Anyway, this was super garlicky, which I love. Otherwise, it was pretty straightforward and simple.
I probably won't be making this one again, but it was good anyway.
Thursday, May 8, 2008
Thanks to Lauren, I am a google reader addict. I'm subscribed to Jen Lancaster's blog. I love it that she blogged about meeting "CANDACE MOTHERFUCKING BUSHNELL." I love it when famous people get all geeked up about meeting other famous people. Granted, I dunno how famous Jen Lancaster is outside of my nerdy book friends, but I think she's pretty awesome. Check out what she had to say here, and check out the one before that, called "Songs in the Key of Holy Shit!" for more on this same topic! LOL
Wednesday, May 7, 2008
Monday, May 5, 2008
From Baking from My Home to Yours by Dorie Greenspan, pages 282-283
Peanut Butter Torte
1 ¼ c. finely chopped salted peanuts (for the filling, crunch and topping)
2 teaspoons sugar
½ teaspoon instant espresso powder (or finely ground instant coffee)
¼ teaspoon ground cinnamon
Pinch of freshly grated nutmeg
½ c. mini chocolate chips (or finely chopped semi sweet chocolate)
24 Oreo cookies, finely crumbed or ground in a food processor or blender
I used Twistos, the Stop and Shop version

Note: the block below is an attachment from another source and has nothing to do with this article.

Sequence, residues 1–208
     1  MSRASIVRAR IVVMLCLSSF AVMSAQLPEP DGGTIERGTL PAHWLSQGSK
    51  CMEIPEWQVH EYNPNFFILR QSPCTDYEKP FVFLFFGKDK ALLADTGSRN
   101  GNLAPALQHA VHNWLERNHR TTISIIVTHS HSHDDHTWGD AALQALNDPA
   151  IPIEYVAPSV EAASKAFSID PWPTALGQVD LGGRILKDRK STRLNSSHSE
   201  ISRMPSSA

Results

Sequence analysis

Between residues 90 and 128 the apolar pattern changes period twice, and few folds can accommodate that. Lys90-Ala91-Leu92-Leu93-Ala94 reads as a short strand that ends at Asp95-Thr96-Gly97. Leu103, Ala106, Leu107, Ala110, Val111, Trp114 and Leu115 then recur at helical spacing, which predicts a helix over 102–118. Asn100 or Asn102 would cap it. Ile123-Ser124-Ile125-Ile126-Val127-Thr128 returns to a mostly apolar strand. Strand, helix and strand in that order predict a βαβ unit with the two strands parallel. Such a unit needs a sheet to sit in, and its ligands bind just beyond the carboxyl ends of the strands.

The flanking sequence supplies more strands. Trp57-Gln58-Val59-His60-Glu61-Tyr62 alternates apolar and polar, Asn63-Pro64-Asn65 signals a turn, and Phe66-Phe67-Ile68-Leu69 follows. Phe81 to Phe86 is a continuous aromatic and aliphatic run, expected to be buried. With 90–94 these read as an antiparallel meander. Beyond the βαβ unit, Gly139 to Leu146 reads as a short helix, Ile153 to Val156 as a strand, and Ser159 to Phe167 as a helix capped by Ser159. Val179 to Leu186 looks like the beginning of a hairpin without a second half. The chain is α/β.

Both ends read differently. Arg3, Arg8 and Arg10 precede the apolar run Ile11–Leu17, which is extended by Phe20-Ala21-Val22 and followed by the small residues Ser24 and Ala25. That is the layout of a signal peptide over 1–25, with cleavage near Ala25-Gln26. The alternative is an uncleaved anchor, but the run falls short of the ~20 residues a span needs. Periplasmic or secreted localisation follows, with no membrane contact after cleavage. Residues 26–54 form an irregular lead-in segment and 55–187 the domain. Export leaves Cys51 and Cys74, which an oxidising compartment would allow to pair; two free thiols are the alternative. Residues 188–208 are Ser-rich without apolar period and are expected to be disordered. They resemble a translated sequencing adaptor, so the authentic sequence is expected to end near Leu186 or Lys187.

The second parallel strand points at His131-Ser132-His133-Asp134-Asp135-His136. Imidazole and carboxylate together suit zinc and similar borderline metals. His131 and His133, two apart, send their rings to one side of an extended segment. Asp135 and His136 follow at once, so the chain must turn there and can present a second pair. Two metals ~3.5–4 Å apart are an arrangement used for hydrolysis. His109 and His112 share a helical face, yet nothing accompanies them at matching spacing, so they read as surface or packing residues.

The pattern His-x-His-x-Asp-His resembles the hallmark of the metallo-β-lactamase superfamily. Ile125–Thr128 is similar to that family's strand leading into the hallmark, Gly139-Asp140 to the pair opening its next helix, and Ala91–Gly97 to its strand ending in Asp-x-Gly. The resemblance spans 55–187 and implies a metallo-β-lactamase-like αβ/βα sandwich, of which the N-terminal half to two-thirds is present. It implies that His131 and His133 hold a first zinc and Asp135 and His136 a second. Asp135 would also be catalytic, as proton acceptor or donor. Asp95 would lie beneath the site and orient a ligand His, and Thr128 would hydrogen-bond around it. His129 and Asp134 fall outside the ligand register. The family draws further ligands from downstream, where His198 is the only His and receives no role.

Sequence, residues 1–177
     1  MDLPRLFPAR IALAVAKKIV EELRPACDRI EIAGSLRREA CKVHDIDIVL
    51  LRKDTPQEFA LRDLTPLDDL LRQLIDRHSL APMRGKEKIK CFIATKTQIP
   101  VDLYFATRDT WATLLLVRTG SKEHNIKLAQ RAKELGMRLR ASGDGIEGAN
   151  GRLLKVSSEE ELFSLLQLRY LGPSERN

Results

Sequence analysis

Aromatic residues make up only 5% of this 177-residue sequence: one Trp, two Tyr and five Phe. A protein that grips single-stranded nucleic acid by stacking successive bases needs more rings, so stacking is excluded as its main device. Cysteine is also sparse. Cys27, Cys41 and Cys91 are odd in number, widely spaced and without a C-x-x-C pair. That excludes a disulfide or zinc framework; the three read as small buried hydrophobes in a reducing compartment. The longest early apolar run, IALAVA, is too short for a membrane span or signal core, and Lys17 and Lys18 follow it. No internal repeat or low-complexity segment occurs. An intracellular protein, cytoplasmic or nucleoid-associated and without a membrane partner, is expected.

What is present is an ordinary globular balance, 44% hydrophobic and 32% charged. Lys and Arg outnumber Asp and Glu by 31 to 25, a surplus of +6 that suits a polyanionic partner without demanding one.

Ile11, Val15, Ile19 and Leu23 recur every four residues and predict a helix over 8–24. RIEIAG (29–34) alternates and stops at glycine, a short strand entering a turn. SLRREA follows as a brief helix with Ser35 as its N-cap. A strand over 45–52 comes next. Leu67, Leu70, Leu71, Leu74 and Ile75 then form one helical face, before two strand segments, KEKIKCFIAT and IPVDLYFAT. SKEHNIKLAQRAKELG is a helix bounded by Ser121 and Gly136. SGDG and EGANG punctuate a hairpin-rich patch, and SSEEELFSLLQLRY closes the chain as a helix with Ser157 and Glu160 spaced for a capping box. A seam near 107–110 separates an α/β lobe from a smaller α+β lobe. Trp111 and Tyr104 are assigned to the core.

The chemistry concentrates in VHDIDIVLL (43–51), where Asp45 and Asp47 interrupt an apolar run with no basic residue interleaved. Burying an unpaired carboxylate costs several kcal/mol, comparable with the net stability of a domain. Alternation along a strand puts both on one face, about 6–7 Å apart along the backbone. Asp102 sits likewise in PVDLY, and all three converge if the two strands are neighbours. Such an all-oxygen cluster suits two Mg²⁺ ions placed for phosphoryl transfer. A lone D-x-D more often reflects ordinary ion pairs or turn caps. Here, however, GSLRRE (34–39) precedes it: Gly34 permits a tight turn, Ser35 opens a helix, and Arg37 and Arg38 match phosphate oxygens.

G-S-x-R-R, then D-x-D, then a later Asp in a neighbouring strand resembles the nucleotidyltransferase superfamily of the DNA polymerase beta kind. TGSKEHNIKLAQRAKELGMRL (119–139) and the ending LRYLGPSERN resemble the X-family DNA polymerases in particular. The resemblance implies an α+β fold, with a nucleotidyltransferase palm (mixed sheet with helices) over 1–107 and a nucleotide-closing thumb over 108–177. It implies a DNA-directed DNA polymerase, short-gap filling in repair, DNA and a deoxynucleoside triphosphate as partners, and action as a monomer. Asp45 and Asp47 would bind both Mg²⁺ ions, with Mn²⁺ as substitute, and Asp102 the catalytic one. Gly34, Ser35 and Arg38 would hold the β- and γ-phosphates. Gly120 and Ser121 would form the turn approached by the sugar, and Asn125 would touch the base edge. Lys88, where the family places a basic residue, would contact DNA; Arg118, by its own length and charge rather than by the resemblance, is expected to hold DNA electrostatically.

½ stick (4 tablespoons) unsalted butter, melted and cooled
Small pinch of salt
2 ½ c. heavy cream
1 ¼ c confectioners’ sugar, sifted
12 ounces cream cheese, at room temperature I used neufchatel
1 ½ c salted peanut butter – crunchy or smooth (not natural; I use Skippy)
I used lower salt generic brand
2 tablespoons whole milk I used skim
4 ounces bittersweet chocolate finely chopped
Getting ready: center a rack in the oven and preheat the oven to 350°F. Butter a 9-inch Springform pan I sprayed with Pam and place it on a baking sheet lined with parchment or a silicone mat. Toss ½ cup of the chopped peanuts, the sugar, espresso powder, cinnamon, nutmeg and chocolate chops together in a small bowl. Set aside. Put the Oreo crumbs, melted butter and salt in another small bowl and stir with a fork just until crumbs are moistened. Press the crumbs evenly over the bottom and up the sides of the spring form pan (they should go up about 2 inches on the sides). Freeze the crust for 10 minutes. Bake the crust for 10 minutes, then transfer it to a rack and let it cool completely before filling. Working with a stand mixer fitted with the whisk attachment or with a hand mixer in a large bowl, whip 2 cups of the cream until it holds medium peaks. Beat in ¼ cup of the confectioners’ sugar and whip until the cream holds medium-firm peaks. Scrape the cream into a bowl and refrigerate until needed. Wipe out (do not wash) the bowl, fit the stand mixer with the paddle attachment if you have one, or continue with the hand mixer, and beat the cream cheese with the remaining 1 cup confectioners’ sugar on medium speed until the cream cheese is satiny smooth. Beat in the peanut butter, ¼ cup of the chopped peanuts and the milk. Using a large rubber spatula, gently stir in about one quarter of the whipped cream, just to lighten the mousse. Still working with the spatula, stir in the crunchy peanut mixture, then gingerly fold in the remaining whipped cream. Scrape the mouse into the crust, mounding and smoothing the top. Refrigerate for at least 4 hours, or overnight; cover with plastic wrap as soon as the mousse firms.